Gifts Perfect for Writers

Cynthia Ruchti

Gifts. Who doesn’t appreciate them? So how creative are you in finding the perfect gift for a writer?

Blogger: Cynthia Ruchti

Today’s interactive blog post is brought to you by the letter G, for Gift-giving.

 

The Writer’s Gift

If you’re reading this blog, you’re interested in writing, writers, the world of words. When you search for the perfect thank you or token of appreciation for a writer, what comes to mind?perfect gifts

  • A new journal
  •  Jewelry made from Scrabble letters or old typewriter keys
  • Special pens
  • Chocolate anything (including chocolate-covered potato chips)
  • Books
  • Books on the craft of writing
  • A gift certificate for a massage
  • A scholarship to a writers’ conference
  • A handwritten note of encouragement
  • Uninterrupted time to write

Did any of those ideas resonate with you?

gifts of words

The Unexpected Gift

This week, a friend gave me a thoughtful and surprising present. She’d taken her copy of a book I’d written–As My Parents Age–and regifted it to me. Why? Because the true value was allowing me to read her comments in the margins, the words or phrases she chose to underline, the exclamation points and Amens scattered through the pages. A most unusual but much appreciated act of thoughtfulness.

Rarely do writers receive that kind of feedback about their work. Occasionally, a reader will let an author know about a favorite quote. Or write a short review. Maybe it doesn’t happen more often because readers are unaware of the way their affirmation is like oxygen offered to a sidelined football player.

Writers Encouraging Writers–It’s a Gift

As an agent, it’s heartwarming to watch writers encourage other writers. It happens a lot within the Books & Such community. It happens often here on the blog as commenters encourage one another. The mutual exchange of gifts of encouragement helps cushion against the sharp edges of rejection, the sting of waiting, the sometimes agonizing process of searching for just the right research information or the precise word a sentence needs.

We’d like to hear from you. What gifts–large or small–have made you think, ‘That’s the perfect gift for a writer!” How creative have others been in their writer-minded gift-giving?

 

 

32 Responses

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  1. People-watchers (as many or most writers are) by their definition, notice things that perhaps not everyone would. As fellow writers, we can use this to make our gifts even more meaningful, personalized if you will. If she loves coffee or tea, why not a mug that has a genre reference on it? Or if she has a million mugs, perhaps a tea gift basket would be better 😉
    One of my recent finds was a line of inexpensive items with the quote “A book is a dream you hold in your hands.” These words are true for a reader, but even more so for the writer. I simply had to order a necklace with this design for a writer friend of mine who enjoys helping beginners get started. I haven’t mailed it yet (have to get her address first!), but I’m hoping she’ll like it.
    On another note, I received a gift just today that means so much to me. A coworker brought me a copy of a devotional that her aunt (who lost her battle to cancer a few years ago) and several other authors worked together on. When my friend handed it to me, she said she thought of me because each of those ladies had their times of starting out in the writing world, and she thought I would enjoy reading it with that in mind. I already am.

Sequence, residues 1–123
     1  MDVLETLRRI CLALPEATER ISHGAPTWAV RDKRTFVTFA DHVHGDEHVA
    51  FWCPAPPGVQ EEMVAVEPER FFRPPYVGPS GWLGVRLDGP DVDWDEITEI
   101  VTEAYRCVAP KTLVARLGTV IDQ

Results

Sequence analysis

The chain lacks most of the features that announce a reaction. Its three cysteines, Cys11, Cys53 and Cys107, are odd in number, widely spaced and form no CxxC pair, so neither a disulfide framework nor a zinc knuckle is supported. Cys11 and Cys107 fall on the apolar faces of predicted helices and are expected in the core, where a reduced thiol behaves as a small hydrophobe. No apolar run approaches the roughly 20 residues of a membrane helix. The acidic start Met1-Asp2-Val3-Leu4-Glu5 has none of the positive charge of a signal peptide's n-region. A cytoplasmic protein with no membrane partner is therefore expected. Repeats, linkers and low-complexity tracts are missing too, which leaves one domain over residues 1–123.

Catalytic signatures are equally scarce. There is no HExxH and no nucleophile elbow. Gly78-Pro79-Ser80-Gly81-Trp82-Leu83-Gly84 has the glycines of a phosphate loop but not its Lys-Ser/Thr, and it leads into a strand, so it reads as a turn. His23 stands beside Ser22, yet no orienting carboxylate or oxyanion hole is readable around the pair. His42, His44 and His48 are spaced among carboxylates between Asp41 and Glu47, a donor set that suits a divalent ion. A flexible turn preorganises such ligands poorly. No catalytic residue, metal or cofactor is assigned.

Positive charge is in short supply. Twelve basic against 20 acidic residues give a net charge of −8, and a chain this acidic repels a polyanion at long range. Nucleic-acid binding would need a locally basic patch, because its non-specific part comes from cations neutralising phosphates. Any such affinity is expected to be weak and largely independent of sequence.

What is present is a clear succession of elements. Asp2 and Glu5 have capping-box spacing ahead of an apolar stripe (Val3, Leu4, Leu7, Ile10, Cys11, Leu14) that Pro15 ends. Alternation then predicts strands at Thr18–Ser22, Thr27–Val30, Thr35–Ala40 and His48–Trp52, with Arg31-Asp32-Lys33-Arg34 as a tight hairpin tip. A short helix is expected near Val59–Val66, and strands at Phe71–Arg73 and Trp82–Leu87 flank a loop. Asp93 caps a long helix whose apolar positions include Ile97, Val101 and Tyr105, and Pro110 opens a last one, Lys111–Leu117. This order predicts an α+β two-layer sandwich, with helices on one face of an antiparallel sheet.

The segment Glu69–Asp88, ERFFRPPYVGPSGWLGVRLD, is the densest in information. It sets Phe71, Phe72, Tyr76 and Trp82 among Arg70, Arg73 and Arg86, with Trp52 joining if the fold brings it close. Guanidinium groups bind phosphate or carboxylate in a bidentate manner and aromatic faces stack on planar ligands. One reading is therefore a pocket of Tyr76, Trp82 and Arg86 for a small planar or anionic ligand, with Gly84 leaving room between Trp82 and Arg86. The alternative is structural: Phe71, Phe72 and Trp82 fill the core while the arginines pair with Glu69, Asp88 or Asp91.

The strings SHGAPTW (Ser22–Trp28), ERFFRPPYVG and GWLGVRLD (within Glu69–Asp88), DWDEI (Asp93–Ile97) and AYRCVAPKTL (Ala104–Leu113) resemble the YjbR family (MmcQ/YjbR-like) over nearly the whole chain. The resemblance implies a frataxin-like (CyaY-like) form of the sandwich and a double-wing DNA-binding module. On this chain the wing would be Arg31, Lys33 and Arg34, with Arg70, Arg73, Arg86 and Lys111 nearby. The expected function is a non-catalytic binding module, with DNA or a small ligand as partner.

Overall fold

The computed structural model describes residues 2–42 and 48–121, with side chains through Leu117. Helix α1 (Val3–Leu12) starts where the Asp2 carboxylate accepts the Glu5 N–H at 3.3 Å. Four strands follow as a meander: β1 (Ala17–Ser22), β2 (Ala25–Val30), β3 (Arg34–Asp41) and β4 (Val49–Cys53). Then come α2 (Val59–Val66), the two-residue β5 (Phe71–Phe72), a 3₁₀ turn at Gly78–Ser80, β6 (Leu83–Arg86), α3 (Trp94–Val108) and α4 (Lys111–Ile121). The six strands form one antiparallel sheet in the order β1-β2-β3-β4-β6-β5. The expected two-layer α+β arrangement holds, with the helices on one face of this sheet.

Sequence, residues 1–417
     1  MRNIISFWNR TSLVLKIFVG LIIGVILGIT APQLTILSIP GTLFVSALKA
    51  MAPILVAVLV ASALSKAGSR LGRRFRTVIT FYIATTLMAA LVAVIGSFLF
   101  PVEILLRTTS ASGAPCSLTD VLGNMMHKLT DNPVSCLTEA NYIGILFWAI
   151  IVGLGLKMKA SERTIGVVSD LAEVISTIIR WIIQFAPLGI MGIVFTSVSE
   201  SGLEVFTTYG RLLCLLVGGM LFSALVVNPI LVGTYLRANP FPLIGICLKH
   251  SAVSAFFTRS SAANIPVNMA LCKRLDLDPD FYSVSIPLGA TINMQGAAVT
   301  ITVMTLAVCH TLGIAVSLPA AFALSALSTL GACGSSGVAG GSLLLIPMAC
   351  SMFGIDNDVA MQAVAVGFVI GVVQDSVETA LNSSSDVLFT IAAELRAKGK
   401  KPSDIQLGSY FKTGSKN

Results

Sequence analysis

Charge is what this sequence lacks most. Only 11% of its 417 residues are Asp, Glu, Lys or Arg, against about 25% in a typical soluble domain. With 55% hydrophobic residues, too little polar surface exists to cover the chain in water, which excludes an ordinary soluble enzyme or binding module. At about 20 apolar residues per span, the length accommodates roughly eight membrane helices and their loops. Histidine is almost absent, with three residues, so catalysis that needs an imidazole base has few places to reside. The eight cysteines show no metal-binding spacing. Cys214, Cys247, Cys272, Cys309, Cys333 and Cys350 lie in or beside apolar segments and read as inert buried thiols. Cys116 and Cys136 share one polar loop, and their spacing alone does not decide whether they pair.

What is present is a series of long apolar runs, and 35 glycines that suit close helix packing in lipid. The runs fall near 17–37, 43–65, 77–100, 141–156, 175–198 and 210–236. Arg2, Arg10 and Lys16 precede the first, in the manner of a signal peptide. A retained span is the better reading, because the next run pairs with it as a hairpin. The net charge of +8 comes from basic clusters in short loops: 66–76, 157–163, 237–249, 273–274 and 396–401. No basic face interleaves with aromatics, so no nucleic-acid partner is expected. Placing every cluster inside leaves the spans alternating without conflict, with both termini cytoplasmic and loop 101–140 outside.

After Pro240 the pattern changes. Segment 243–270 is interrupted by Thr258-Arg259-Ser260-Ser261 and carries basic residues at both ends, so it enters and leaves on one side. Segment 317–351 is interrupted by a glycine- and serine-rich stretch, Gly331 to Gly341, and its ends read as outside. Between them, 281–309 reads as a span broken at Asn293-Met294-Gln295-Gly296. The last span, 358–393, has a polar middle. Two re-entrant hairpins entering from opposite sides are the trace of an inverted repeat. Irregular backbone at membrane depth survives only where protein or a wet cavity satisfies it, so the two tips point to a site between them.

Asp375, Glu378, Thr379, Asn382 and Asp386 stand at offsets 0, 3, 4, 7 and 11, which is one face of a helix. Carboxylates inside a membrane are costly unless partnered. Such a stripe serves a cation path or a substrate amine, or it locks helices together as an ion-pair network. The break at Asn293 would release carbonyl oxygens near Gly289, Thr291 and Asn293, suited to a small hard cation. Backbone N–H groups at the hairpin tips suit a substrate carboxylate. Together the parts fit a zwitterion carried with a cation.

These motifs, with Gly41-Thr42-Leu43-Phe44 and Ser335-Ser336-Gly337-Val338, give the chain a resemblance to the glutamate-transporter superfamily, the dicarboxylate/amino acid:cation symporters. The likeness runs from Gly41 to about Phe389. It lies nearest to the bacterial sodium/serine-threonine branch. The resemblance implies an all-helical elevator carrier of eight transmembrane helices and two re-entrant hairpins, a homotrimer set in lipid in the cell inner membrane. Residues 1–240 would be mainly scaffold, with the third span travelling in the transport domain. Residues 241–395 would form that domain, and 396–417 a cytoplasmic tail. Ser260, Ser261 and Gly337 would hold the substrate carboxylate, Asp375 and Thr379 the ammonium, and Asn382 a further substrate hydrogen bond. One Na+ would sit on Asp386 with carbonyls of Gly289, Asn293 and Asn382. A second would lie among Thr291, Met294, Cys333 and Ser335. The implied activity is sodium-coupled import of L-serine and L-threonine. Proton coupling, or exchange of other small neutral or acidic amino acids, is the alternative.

2. You can find a great gift to writers on many movie DVDs…the commentary by the director and, often, lead actors. You can get a master class in characterization and plotting, this way. Two outstanding examples are ‘Shooter’, a 2007 film directed by Antoine Fuqua and starring mark Wahlberg, and the first film (‘Star Trek’, 2009) in the reboot of the Star Trek franchise, directed by J.J. Abrams.
    * In the commentary on ‘Shooter’, Fuqua develops some interesting background to Wahlberg’s protagonist, the Marine scout/sniper framed in an attempted presidential assassination. It’s easy to see Wahlberg’s Bob Lee Swagger as a typical action hero, but Fuqua breaks him down into man who never quite grew up, and whose actions in the film reflect a fundamental immaturity that’s never resolved. The characterization is dense and complex…and yes, I saw a lot of myself, including immaturity, in Fuqua’s exposition.
    * Abrams’ commentary on ‘Star Trek’ is especially useful for his description of decisions made to improve pacing and continuity. The film moves quickly, but there was an initial desire to contrast the coming-of-age experiences of both Kirk and Spock to a much greater degree than was eventually included in the film. The essential information had to be passed along; no less, but also no more.
    * An honourable mention goes to Oliver STone’s ‘World Trade Center’; he was faced with the daunting challenge of contrasting an almost static dialogue between two trapped Port Authority policemen and the kaleidoscopic confusion, hope, and despair that swirled around Ground Zero on September 11, in the fell year of 2001.

  3. Carol Ashby says:

    If the writer doesn’t already have one, I recommend a Kindle Fire. Even if they don’t regularly read ebooks, a Fire is invaluable for downloading the PDF of a WIP for a reading experience while editing that feels like reading a book instead of a manuscript. I find I catch things on the Fire when proofing that slip past me in the Word document. It also fits in a purse so I can use the minutes I’d waste waiting or riding in a car. (It’s 20 minutes one-way to town.) Those small chunks of time add up fast!

    • Cynthia Ruchti says:

      Thanks for the advice! And the encouragement of how that tool can be used.